MELODY GARDOT, Live In Europe (CD)



THE APPLES IN STEREO, Velocity Of Sound (vinyl) (2/16)

GRANT LEE PHILLIPS, Widdershins (2/16)

CAR SEAT HEADREST, Twin Fantasy (2/16)


And don’t forget these STILL-NEW platters that matter!

Acts that feature brothers in singer-songwriter rolls range from the generally harmonious (the Avetts, the Allmans pre-Duane’s passing) to the radically dysfunctional (the Kinks’ Davies brothers and Oasis’ Gallagher siblings) and somewhere in-between (Jesus and Mary Chain’s Reid’s on again/off again relationship). The Wood Brothers seem to fall into the first category as they release album number six without many obvious ripples in their increasingly successful musical partnership. Despite a new way of recording due to self-producing for the first time, recording piecemeal over the course of a year in various Nashville studios and employing four different mixing talents, there aren’t major differences in these tunes compared to the band’s previous work. There are no guest musicians, as the threesome — brothers Oliver and Chris Wood are joined by multi-instrumentalist Jano Rix — handles all the instruments which may account for Oliver’s statement that “… this is the most purely Woods Brothers’ album we’ve ever made.” All members also share writing credits for the ten tracks, another sign of democracy and togetherness, even though it’s likely frontman/guitarist Oliver was responsible for the bulk of the lyrics.  The Wood Brothers’ knack for mixing folk, blues, gospel and jazz remains in fine form. Oliver’s distinctive vocals are front and center and song structures that have never been traditional, still twist and turn in unexpected yet always enticing directions. Perhaps the ability to work on each selection without the clock running and an outside producer looking over their shoulders provides a slightly looser feel to the performance and recording. Songs like the appropriately titled “Happiness Jones” display wry, snarky humor in lyrics where the narrator claims he could write his best stuff only when he was suffering.  Musically the group rips a soulful page from Stevie Wonder on “Sparkling Wine,” the opening bass line riff of which mirrors Lou Reed’s “Walk On the Wild Side.” The musical clippity-clop percussive reference to Tom Waits on “Laughin’ or Crying” shifts into a bluesy vamp as Oliver sings “she said she saw a big fat rat in the subway/carryin’ the key to the city,” as good an example of how his words walk the line between humorous, peculiar and provocative. The folksy “Strange as it Seems” follows a man and woman who get dressed up at night, only to climb into bed to hopefully meet their perfect mate in their dreams; a bizarre tale worthy of being expanded into a short story. The closing “Can’t Look Away” tells three separate downbeat stories that result in the song’s title, all over a greasy swampy slide guitar driven ballad.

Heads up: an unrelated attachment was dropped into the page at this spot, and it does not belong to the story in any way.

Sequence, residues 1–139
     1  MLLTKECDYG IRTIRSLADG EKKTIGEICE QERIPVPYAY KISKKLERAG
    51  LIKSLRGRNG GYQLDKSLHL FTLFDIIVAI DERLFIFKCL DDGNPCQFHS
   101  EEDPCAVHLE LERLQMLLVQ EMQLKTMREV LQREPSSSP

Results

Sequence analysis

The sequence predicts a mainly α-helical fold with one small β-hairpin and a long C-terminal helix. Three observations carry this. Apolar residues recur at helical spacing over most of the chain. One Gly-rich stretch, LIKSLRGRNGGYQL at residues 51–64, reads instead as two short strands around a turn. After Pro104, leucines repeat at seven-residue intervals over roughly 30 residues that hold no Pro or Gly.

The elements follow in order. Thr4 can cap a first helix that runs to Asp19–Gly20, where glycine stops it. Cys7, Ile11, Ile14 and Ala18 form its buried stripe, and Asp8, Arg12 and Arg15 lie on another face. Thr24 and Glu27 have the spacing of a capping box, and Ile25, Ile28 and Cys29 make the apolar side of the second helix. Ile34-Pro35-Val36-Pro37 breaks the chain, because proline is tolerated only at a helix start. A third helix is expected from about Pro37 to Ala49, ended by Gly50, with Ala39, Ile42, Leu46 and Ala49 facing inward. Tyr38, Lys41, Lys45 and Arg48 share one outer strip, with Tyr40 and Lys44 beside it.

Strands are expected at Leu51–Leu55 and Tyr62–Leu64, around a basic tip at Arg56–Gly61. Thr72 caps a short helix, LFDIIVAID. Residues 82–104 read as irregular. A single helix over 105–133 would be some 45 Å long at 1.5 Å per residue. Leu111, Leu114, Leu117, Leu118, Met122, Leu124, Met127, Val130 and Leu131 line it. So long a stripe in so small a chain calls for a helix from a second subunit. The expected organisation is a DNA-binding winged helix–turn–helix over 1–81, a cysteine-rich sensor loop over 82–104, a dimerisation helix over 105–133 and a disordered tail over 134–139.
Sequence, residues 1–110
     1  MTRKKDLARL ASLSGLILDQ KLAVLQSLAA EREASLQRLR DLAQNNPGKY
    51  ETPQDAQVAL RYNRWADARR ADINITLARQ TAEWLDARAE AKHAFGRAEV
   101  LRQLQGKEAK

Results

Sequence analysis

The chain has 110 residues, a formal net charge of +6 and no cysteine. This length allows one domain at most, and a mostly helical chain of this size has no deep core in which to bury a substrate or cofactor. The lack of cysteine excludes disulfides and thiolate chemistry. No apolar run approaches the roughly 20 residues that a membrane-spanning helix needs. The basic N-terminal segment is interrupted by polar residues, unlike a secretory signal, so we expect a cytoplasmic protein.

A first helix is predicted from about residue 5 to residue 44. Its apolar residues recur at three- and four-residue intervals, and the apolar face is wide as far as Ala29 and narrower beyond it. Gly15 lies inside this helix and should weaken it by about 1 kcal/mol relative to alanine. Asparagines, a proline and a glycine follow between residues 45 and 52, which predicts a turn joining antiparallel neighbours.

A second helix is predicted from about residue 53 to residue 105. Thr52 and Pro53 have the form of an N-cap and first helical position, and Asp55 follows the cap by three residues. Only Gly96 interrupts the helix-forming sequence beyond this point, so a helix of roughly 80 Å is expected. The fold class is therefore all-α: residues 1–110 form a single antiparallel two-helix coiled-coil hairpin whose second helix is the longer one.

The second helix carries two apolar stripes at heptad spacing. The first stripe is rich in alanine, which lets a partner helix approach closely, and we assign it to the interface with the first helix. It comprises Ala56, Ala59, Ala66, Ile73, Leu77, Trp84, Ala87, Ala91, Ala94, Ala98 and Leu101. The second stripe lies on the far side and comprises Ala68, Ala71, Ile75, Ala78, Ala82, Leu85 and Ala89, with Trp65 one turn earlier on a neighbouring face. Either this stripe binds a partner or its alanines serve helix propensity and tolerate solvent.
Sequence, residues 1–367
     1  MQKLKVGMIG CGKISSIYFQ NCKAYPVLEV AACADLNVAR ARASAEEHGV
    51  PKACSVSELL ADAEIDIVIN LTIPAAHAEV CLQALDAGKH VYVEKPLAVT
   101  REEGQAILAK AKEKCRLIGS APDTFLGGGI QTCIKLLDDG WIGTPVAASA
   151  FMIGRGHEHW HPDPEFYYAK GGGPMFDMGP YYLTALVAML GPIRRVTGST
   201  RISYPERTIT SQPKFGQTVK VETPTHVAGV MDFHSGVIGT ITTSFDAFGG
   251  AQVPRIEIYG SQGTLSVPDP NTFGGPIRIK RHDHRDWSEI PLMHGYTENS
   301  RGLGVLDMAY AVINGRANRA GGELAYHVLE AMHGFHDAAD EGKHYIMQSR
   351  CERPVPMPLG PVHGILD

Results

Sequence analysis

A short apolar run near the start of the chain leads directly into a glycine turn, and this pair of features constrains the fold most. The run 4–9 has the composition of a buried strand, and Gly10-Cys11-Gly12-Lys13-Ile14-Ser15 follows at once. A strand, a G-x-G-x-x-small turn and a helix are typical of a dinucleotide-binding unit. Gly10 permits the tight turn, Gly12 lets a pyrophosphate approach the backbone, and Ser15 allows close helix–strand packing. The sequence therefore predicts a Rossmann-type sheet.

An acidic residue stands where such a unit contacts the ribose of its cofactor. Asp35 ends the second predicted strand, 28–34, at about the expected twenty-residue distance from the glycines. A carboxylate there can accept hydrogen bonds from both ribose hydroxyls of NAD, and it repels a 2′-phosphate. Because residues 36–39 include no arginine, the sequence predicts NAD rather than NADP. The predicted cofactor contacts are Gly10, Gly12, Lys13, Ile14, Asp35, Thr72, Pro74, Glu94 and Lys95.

After the heartbreaking loss of legends Sharon Jones and Charles Bradley in 2016 and ’17, the last old-school R&B singer remaining on the roster at NYC soul hub Daptone Records is James Hunter, from Essex, England. Despite Hunter’s U.K. origins, Whatever It Takes boldly underlines the fact that he’s as steeped in deep soul as any Yank. When 55-year-old Hunter lets his lived-in but surprisingly pliable pipes loose on his seventh solo album, the ghosts of Sam Cooke and Ray Charles surely smile down approvingly. When his band coils itself tightly around sensual mid-tempo hip-wigglers like “I Don’t Wanna Be Without You” and “Whatever It Takes,” they recall the stylishly syncopated, urbane feel of early ’60s R&B slingers like Doris Troy and Barbara Lewis. Hunter’s more than a devilishly deft vocalist—his guitar licks pack enough sting to keep the tracks spry and smoldering. His six-string prowess is most apparent on the aptly-titled instrumental “Blisters,” where he lets fly a torrent of fiercely visceral, bluesy lines over smoldering, Booker T.-style organ riffs. But lean in for the ending of “Don’t Let Pride Take You For a Ride,” where Hunter unspools a savage stream of riffs as feral as his closing vocal wails. Alternately intimate and unfettered, Whatever It Takes cements the timelessness of Hunter’s ’60s-soul inspirations when channeled by the right set of hands.

Prolific composer Jóhann Jóhannsson provides the sonic impetus to The Mercy  – a torrid looking dramatisation of a boat race by and starring gurning posh people, namely Colin Firth and Rachel Weisz – with a suitably Hollywood-styled orchestral suite brimming with romantic smugness and some sense of thwarted glory. 

KYLE CRAFT, Full Circle Nightmare (CD/LP)
Wake up; it’s 1972. The Stones and Bowie are making some of the best music of their careers. Dylan’s on hiatus, but his influence is alive and well. Power pop kingpins Big Star just released their debut album. While in reality, we’re almost 50 years away from that golden age, the music of Kyle Craft is steeped in it on his second album, Full Circle Nightmare. 
Coming almost two years after his debut, Dolls of Highland, the latest album from Louisiana-born, Portland-based singer/songwriter Craft manages to accomplish the nearly impossible: it blows away a debut album that was already damn near flawless. Some of this is due to manpower – while Dolls was recorded almost entirely by Craft (on a laptop in Shreveport, Louisiana), Full Circle Nightmare takes advantage of a full band, in addition to a more traditional studio environment, recorded in Portland with producer Chris Funk of the Decemberists. With a band and a seasoned producer at his disposal, Craft was able to concentrate on the songwriting, which continues to mature with a heap of intricate, Dylanesque wordplay. The overall vibe of the album is much richer, sonically. Honky-tonk pianos, lively Hammond organ, tambourines hitting all the right beats: Funk draws out the right sound for these songs and Craft sings his heart out on every track.